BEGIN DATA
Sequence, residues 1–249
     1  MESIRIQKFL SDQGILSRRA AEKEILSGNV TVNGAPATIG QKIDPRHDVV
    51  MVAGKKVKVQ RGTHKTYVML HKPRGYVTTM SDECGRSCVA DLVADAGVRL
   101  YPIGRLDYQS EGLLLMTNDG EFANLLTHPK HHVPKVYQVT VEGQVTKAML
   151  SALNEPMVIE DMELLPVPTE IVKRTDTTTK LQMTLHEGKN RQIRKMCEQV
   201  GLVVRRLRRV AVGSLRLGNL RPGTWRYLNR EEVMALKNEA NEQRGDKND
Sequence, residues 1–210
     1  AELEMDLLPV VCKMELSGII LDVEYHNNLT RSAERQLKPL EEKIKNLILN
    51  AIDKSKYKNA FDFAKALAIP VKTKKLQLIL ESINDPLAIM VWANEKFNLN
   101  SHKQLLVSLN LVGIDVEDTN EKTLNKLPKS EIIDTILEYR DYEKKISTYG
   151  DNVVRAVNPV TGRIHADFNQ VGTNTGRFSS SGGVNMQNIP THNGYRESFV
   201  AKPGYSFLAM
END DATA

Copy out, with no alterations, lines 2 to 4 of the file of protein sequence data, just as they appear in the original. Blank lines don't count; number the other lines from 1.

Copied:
     1  MESIRIQKFL SDQGILSRRA AEKEILSGNV TVNGAPATIG QKIDPRHDVV
    51  MVAGKKVKVQ RGTHKTYVML HKPRGYVTTM SDECGRSCVA DLVADAGVRL
   101  YPIGRLDYQS EGLLLMTNDG EFANLLTHPK HHVPKVYQVT VEGQVTKAML